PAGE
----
saying thank you can make a huge difference build better conversations

The Best Two Words

Print Friendly, PDF & Email

Getting an A+, being mobbed by teammates after scoring a touchdown or hitting a three-pointer, being voted as class president or valedictorian, having someone tell you they love you, being praised by your boss — these are some of the best moments that I can think of. What do these moments all have in common? They all involve others appreciating you.

Unfortunately, in our busy lives, it is too easy not to say “thank you” and not show your appreciation for others when they deserve it. We can rationalize such an omission by cataloguing how busy we are and minimizing the importance of a “thank you”. But if we realize that one of the best feelings in the world is getting praise or recognition, especially from those that we care about or respect, it should change the way that we conduct ourselves. We should be actively looking for ways where we can appreciate others given how much it means to the recipient.

The funny thing is that appreciating others benefits both the recipient and the giver of the “thank you”. If a friend went out of his way to help you with your homework for instance, spending hours of his time selflessly making sure you understood every answer and you do not thank him, what do you think will happen? He will feel exhausted having given you his time and effort without being appreciated, and it is less likely that he will be willing to help you again. In contrast, if your helping friend feels appreciated, he will be more likely to help you again and you will be the beneficiary.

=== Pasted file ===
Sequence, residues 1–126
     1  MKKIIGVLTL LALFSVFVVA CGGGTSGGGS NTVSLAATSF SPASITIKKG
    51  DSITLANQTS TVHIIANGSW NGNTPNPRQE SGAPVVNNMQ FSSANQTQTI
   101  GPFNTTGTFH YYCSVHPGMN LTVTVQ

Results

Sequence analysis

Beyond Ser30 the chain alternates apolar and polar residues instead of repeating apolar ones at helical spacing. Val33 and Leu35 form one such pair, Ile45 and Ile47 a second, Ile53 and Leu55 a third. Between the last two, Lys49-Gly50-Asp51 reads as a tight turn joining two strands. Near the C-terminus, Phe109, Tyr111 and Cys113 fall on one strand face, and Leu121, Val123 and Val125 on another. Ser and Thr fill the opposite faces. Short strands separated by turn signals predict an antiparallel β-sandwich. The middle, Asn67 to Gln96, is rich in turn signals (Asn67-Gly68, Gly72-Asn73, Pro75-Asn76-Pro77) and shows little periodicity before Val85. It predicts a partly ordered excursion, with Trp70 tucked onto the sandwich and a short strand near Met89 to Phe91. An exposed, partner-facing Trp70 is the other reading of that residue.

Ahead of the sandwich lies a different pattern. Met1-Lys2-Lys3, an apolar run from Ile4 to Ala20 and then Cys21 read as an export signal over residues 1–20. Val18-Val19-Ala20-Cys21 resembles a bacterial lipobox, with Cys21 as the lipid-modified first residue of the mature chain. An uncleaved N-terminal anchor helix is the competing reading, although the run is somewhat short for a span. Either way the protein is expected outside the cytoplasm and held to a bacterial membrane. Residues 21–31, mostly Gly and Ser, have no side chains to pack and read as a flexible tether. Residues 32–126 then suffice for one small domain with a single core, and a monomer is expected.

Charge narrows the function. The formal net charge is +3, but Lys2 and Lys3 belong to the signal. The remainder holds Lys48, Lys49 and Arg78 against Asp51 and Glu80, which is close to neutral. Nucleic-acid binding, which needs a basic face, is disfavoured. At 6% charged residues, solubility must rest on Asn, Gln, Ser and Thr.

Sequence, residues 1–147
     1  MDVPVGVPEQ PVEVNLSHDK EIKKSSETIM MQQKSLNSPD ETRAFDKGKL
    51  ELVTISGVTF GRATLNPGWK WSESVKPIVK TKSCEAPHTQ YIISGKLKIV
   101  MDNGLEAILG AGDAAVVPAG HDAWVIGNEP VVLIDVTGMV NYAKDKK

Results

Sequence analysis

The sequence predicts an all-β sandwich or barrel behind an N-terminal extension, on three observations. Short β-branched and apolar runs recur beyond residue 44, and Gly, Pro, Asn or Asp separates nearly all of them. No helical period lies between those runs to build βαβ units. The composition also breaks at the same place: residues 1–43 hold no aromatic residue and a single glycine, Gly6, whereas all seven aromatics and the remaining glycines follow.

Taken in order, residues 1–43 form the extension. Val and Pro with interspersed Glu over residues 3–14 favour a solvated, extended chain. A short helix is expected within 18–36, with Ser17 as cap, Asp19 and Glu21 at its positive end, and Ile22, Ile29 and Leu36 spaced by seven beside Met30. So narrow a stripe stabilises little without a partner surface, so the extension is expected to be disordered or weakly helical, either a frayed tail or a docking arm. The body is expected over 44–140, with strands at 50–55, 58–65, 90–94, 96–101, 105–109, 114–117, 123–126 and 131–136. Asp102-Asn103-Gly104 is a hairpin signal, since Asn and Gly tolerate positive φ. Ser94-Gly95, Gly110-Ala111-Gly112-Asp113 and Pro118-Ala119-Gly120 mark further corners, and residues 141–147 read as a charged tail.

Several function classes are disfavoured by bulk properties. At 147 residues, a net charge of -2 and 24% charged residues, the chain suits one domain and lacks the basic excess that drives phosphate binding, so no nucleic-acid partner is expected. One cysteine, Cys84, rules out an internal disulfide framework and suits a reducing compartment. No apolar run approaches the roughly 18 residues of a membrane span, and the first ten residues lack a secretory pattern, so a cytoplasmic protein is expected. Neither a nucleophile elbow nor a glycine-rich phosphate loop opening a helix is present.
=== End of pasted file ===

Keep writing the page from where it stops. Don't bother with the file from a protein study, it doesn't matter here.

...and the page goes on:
According to a Forbes article, Doug Conant, the former CEO of Campbell Soup wrote over 30,000 handwritten thank you notes to employees during his time at Campbell. Conant was of the philosophy that praising someone was a better motivator than criticism. Similarly, by developing a personal relationship with his employees, he found that they were even more committed to the well-being of the company.

Questions for Discussion:

  • Can you think of an example where you felt under-appreciated? What type of appreciation were you looking for?
  • Can you think of an example where it felt great to be recognized or appreciated?
  • Is it worthwhile or a waste of time for a CEO to write thousands of handwritten thank you notes?
  • How can you find ways to thank people more even in the midst of your busy schedule?
  • Who can you thank right now?


(Visited 67 times, 1 visits today)